by Sukey HowardNovember, 2007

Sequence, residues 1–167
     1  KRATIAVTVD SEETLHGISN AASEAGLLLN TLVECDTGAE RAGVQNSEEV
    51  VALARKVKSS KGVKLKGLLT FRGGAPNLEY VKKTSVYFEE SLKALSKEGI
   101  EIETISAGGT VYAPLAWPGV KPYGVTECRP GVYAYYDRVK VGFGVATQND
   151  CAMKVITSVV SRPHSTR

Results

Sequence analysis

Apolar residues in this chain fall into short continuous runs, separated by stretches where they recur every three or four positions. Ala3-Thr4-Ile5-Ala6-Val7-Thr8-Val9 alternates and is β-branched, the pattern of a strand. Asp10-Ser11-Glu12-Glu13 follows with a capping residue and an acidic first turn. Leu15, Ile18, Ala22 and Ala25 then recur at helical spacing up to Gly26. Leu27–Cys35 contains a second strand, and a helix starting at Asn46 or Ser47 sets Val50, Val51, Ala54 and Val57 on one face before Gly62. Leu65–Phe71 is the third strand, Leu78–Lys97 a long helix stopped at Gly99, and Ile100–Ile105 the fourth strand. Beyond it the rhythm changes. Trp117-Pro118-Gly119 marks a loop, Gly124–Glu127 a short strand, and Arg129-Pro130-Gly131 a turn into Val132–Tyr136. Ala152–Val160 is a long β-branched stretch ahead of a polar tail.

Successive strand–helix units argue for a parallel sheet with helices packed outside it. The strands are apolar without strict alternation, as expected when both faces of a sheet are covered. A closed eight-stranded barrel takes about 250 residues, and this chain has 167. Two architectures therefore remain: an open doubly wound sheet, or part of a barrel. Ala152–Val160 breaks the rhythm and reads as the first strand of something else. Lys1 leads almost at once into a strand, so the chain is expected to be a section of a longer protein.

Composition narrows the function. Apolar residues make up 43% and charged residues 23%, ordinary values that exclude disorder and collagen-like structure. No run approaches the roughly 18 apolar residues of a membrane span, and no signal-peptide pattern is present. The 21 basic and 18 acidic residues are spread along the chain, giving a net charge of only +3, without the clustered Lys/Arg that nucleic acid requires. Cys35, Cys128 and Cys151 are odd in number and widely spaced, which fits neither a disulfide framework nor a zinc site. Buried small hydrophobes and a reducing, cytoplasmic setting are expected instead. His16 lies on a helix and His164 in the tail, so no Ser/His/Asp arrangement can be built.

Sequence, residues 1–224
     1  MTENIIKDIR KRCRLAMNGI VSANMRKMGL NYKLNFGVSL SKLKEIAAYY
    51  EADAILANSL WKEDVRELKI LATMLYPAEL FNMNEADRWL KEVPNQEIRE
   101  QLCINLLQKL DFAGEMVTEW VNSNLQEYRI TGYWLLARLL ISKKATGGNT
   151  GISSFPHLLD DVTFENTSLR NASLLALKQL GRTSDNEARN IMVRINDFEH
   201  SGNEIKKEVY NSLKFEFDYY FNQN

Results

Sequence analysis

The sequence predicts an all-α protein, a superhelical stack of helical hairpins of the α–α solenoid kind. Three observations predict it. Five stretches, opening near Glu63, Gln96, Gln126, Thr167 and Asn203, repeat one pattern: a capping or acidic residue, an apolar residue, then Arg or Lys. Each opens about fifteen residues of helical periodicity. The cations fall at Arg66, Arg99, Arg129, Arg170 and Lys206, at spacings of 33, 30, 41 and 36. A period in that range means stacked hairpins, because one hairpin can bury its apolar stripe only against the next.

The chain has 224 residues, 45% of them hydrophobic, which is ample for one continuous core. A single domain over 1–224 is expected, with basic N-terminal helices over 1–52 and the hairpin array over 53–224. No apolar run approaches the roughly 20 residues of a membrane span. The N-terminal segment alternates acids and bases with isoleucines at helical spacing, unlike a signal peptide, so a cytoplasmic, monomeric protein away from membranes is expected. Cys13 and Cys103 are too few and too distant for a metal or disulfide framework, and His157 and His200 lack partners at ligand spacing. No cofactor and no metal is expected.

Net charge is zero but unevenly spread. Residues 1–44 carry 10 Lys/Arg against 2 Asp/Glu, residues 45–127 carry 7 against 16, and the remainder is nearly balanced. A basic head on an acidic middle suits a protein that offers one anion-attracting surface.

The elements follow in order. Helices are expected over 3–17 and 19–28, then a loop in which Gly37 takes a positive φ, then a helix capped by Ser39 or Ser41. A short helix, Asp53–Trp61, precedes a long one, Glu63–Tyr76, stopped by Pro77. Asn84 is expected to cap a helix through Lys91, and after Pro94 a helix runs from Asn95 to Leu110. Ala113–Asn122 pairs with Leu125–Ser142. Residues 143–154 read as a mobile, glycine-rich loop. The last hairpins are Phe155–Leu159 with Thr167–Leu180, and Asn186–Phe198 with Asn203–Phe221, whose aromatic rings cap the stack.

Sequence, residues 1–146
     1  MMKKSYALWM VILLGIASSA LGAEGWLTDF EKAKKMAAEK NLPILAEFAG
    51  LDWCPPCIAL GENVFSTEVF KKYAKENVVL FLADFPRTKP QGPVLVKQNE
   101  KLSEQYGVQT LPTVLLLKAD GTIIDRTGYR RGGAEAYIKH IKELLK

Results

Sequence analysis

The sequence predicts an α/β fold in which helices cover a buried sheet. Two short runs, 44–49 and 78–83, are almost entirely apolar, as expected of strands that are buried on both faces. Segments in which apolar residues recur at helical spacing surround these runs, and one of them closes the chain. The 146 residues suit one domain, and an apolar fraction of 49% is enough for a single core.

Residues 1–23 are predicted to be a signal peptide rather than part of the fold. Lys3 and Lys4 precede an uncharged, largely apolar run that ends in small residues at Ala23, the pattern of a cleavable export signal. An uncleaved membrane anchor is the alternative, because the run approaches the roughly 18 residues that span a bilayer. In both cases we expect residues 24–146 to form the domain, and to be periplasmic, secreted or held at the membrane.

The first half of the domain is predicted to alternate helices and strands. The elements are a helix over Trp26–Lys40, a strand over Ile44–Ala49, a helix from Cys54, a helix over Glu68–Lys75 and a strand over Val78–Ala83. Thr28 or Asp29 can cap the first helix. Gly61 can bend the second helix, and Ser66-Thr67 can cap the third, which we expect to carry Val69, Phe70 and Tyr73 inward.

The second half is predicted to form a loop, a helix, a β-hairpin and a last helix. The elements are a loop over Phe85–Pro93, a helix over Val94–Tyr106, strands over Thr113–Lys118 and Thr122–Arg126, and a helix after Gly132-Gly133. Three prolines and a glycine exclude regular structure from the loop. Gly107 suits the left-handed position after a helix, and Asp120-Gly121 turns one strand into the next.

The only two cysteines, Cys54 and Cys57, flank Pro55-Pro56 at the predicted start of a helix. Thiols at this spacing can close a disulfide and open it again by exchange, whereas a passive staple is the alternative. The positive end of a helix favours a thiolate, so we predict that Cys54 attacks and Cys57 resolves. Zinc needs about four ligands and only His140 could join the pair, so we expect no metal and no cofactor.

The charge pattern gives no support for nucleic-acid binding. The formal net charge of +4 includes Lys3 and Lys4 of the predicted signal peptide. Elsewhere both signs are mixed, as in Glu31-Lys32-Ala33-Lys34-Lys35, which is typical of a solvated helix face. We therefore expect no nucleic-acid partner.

<b>Sukey's favorite</b>Lillian Leyb watched as her mother, father and husband were butchered. Her four-year-old daughter Sophie got away, but Lillian could never find her. So, in 1924 she came to America to seek her fortune on New York's teeming streets. That's where Amy Bloom's <b>Away</b> begins. It isn't exactly a sweeping saga (the book has only 240 pages), but it sure feels like one, as it moves through the bloody pogrom in Russia; Lillian's immigrant arrival, Ellis Island and all; and her plucky bid for a job as seamstress in a famed Yiddish theater that quickly morphs to mistress of both the matinee idol and his burly father who runs the show. And we're only halfway there. When Lillian hears that Sophie might be alive, living in Siberia with another family, there's nothing for her to do but to go. The same indomitable strength that propelled her out of Russia now takes her on a long, cross-continental odyssey, a true walk on the wild side, as she tries to reach Siberia and Sophie. Bloom writes with humor and irreverence, with deep feeling for her characters and for the nature of love. Barbara Rosenblat, one of our very best audio narrators, performs with perfect pacing, adding resonance and depth to the story and the characters.